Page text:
California lawmakers are considering a drinking water proposal that water agencies see as a threat of unnecessary fees. Proponents say it will spread access to clean water, which many California residents still lack.
The legislation would establish a fund to help communities facing drinking water contamination pay for improvements.
“Unlike other funding mechanisms such as bonds, the fund could be used to pay for the operation and maintenance of water treatment plants, and not just for their construction. It would also prioritize assistance to low-income communities and low-income residents who rely on private wells,” News Deeply reported.
The proposal has water agencies concerned about new fees. The Association of Clean Water Agencies states that one provision in the legislation imposes the state's "first-ever statewide tax on residential and business water bills."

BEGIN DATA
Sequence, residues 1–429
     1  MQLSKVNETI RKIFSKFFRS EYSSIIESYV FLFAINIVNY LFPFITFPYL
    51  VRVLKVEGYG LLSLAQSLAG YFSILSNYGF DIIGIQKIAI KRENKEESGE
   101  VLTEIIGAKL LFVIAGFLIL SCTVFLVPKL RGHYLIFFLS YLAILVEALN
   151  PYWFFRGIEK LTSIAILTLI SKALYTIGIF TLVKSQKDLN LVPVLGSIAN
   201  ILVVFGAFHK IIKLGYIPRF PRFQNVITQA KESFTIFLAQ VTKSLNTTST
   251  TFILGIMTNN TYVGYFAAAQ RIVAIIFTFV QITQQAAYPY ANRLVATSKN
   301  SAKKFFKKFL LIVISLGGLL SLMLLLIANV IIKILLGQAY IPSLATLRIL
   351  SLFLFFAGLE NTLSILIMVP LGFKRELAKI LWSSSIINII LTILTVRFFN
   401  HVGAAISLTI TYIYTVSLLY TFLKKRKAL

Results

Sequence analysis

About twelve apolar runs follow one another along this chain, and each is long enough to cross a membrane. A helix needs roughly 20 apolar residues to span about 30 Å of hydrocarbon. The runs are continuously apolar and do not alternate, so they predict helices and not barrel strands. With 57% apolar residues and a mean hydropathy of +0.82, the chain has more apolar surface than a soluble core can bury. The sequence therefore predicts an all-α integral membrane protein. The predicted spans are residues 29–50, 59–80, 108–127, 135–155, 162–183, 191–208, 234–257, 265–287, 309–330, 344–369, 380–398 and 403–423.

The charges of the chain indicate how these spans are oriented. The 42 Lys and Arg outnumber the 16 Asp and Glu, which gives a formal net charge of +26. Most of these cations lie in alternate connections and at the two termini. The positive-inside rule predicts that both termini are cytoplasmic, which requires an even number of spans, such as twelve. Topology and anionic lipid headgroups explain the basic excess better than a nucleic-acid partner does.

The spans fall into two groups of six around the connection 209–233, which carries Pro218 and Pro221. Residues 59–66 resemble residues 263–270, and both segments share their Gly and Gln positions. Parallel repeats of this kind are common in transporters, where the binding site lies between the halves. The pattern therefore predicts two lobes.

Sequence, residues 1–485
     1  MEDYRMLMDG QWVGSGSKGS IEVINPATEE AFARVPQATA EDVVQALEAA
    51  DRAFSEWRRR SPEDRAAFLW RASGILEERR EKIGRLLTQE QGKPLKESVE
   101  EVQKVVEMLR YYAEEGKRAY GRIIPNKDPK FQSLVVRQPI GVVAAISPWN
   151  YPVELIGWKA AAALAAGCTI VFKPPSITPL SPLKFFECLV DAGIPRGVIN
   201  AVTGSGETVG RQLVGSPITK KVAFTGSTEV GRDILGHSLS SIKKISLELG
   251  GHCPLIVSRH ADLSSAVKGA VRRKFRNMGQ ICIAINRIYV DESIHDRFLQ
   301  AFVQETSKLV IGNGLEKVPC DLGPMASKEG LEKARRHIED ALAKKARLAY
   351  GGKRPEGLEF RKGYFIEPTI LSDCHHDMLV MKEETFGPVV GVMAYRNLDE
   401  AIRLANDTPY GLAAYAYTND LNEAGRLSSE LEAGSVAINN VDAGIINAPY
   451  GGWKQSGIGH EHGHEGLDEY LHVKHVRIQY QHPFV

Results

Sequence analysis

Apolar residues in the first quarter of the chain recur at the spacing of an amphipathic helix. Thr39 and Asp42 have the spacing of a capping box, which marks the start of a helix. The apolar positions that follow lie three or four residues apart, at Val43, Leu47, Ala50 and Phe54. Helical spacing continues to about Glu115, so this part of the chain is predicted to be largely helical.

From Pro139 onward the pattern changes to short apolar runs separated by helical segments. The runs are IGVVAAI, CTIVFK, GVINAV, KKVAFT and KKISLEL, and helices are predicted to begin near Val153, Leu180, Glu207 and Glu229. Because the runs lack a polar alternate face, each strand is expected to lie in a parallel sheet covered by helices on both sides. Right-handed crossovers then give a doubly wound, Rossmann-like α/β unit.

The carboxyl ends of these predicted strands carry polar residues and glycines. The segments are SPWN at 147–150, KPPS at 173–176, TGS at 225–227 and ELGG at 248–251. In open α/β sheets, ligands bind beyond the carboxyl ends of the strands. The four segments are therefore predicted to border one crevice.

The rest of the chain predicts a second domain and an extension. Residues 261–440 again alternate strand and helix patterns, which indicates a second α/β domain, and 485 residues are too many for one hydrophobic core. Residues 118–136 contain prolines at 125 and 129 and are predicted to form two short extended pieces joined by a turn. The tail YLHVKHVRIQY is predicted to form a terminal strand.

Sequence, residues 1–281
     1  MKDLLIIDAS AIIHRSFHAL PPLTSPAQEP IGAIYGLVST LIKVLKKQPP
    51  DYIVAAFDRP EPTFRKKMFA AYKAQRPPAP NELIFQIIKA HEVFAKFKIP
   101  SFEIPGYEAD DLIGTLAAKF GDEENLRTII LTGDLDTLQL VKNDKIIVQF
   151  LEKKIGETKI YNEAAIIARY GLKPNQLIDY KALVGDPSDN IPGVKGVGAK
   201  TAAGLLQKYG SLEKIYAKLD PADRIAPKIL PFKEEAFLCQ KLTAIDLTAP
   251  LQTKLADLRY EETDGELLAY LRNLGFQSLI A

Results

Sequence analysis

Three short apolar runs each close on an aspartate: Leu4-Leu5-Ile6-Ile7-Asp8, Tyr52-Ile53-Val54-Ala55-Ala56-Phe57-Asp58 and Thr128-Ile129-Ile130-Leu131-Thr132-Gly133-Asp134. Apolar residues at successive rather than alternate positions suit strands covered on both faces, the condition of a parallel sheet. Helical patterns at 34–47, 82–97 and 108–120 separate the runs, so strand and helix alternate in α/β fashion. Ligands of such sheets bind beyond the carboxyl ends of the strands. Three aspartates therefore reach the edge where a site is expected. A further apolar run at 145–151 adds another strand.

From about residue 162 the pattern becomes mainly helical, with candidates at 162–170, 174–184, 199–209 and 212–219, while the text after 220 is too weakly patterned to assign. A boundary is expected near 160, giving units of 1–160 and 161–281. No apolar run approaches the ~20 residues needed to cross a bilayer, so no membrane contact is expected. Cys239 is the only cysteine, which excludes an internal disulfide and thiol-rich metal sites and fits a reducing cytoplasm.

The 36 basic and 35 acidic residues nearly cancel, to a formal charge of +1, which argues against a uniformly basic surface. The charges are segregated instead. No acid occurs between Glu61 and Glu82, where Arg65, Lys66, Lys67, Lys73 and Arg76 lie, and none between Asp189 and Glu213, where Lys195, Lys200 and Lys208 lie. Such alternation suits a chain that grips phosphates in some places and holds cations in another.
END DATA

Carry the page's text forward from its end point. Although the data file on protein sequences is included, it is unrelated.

The bill, however, has support from groups that typically bicker, including environmental advocates and farmers. Various municipalities and the City of Fresno oppose the legislation, according to KVPR.
“More than 300 public water systems in California are currently out of compliance with state code, mostly due to contamination from substances like arsenic and nitrate,” KVPR reported.
Drinking water contamination is a major challenge in California’s San Joaquin Valley.
“Hundreds of thousands residents in the San Joaquin Valley lack access to clean drinking water. This is especially common in unincorporated communities categorized as disadvantaged, which are also overwhelmingly Hispanic,” KVPR reported.
A new study from researchers at the UC Davis Center for Regional Change studies the location of communities that lack access.
"We found that the majority of those, about 66 percent of those residents, actually live within one mile of a water system that could provide them safe drinking water," researcher Jonathan London said, per KVPR.
The challenge is that connecting to those water systems can be expensive, the report said.
“London suggests mandating [connections] under a law signed in 2015, or supporting a new bill that would create a statewide drinking water fund,” the report said.